The Last Girl by Joe Hart is a survival story. Zoey is the survivor and if there were ever a series of games called “Extreme Survivor,” she would probably win it. She was born into a world where for some reason the birth rate of females declined to almost zero. I think one in a million qualifies as almost zero. This fact for which no reason can be determined plunges the world into chaos as almost everyone comes to the conclusion that with the inevitable death of humanity there is really no reason to go beyond selfish immediate gratification goals. Gangs form, crime increases exponentially, law and order are reduced to vigilante level and the populace blames governments. So there are outright rebellions along the lines of civil war.
But there is a band of educated elite scientists who think they might be able to research their way out of the problem. But they will need females to experiment with. Since there are few to none of those being born, the educated scientists hire or create teams of black ops military types to roam the country (in this novel the reader is confined to the US) to kidnap girls and place them in a confinement facility for a time that lasts from their age of capture until twenty-one. Then they are “inducted,” disappear from their confinement colleagues and are never heard from again. Where do they go and for what purpose? No one knows, but Zoey is suspicious.
The confinement facility, ARC (Advanced Research Facility), is similar to a supermax prison. During pre-induction confinement, the girls are brainwashed and required to recite daily the mantra of NOA (National Obstetrics Association). The girls are the future, they must remain pure and they must daily prepare for their mission, which is to give birth to female infants. To encourage them to do this, they are told that after induction they will be reunited with their parents. They do not watch television, read newspapers, read books, or have any contact with the outside. But someone is sneaking books and chewing gum to Zoey. One of the big mysteries of the novel is the identity of who is encouraging Zoey to think outside the box.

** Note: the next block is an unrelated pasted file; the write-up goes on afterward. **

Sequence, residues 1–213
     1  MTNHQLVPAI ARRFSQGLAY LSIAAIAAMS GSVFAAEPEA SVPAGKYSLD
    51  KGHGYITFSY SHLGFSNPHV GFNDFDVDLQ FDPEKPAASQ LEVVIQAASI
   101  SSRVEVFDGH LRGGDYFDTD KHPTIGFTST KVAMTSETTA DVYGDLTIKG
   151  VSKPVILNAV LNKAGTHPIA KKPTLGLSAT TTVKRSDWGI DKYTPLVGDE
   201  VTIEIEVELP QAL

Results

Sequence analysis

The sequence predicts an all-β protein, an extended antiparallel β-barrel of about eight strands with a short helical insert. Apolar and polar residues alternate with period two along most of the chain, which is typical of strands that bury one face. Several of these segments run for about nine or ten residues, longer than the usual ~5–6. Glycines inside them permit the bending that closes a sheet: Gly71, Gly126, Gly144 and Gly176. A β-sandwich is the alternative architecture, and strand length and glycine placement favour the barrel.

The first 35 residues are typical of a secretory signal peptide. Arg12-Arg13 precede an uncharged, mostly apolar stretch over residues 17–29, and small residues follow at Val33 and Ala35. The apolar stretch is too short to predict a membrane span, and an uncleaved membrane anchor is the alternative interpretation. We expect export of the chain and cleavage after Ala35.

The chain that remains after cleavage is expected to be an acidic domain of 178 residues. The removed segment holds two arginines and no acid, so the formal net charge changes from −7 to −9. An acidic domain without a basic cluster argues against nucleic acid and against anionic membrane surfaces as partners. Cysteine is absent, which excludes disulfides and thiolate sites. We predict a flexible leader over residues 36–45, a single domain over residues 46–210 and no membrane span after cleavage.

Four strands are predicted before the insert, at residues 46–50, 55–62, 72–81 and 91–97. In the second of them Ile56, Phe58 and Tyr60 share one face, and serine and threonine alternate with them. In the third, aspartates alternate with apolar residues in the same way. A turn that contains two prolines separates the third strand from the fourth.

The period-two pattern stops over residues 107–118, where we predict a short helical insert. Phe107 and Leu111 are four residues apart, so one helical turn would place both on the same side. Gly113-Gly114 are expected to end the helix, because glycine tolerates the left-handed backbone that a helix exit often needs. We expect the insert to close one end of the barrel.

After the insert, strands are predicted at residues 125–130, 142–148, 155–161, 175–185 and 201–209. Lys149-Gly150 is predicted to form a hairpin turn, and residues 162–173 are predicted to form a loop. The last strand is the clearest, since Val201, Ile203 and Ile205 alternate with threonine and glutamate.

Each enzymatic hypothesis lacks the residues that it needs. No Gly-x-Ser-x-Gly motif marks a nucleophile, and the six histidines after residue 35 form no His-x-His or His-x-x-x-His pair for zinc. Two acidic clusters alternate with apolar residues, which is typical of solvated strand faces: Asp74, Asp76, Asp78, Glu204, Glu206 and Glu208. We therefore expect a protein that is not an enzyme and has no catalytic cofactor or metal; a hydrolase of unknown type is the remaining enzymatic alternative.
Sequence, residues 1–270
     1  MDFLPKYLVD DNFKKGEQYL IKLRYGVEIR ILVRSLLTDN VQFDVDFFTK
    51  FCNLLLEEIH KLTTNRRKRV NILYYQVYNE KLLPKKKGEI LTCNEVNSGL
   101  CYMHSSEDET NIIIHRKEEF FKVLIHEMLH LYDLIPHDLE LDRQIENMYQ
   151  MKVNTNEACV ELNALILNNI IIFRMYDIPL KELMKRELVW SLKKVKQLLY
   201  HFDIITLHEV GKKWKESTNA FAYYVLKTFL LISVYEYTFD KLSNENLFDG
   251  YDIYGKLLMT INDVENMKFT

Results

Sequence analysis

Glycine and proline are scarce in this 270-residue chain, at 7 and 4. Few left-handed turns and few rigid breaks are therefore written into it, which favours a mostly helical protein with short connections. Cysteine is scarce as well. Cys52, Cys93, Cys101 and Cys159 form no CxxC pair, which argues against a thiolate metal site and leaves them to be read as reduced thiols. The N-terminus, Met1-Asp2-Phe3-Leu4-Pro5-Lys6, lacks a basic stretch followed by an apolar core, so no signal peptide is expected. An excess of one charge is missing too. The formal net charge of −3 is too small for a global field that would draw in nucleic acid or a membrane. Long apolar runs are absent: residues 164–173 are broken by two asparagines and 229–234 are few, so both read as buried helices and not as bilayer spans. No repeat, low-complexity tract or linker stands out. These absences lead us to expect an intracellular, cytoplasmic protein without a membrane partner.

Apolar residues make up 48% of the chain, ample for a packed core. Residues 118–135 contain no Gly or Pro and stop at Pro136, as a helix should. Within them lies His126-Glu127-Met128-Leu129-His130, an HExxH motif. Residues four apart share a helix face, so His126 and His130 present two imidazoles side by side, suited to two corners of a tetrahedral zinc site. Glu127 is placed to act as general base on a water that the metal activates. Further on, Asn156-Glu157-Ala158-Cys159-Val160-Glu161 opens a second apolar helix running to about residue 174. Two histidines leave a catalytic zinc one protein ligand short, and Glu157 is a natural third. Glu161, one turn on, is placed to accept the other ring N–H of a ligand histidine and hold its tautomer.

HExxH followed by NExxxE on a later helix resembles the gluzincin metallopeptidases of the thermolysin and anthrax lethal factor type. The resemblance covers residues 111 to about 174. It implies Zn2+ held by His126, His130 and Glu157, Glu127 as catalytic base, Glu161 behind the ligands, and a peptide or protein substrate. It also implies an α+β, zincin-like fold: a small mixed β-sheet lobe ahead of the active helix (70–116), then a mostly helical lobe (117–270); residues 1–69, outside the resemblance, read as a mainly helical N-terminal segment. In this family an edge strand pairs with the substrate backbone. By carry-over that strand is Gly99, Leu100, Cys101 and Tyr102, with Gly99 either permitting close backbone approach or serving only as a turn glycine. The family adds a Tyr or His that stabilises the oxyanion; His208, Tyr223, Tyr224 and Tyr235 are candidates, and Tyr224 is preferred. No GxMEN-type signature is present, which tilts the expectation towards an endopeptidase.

Speaking of which, violation of any rules results in a girl’s confinement to The Box. This is sensory deprivation in that there is no light, no sound, and no contact with anyone. Hart spends many, many pages describing Zoey’s stay in The Box. It is so detailed that I wonder if Joe Hart had some experience with this (such as in the military).
Zoey will escape from this confinement in a series of graphically violent confrontations. Hart also spends many, many pages describing her escape, injuries she suffered during the escape, and her experiences combatting hunger, the weather, and an infected wound that the reader knows will kill her without intervention. Again, the experiences are described in such detail that I wondered if Joe Hart had similar survival experiences (such as in the military).
Zoey is out of the ARC, that is not a spoiler. But what of all her colleagues still in the facility, colleagues that she cared for? There was Lily, who couldn’t care for herself, Meeka with a great sense of humor, Terra, a best friend recently lost to induction, Rita, an enemy but Zoey still felt sorry for, and a couple of lesser lights, Shelley and Penny. And Zoey also wanted to kill the facility director, vice director and a bunch of facility guards. She couldn’t very well do this on her own. Remember the medical intervention needed to rescue her from that earlier infection? There could be a source for a retaliatory army and rescue mission here.
This is a book full of action, some of it incredible (uncredible?) but the book is well written, entertaining, and will satisfy a yearning for a strong female protagonist(s).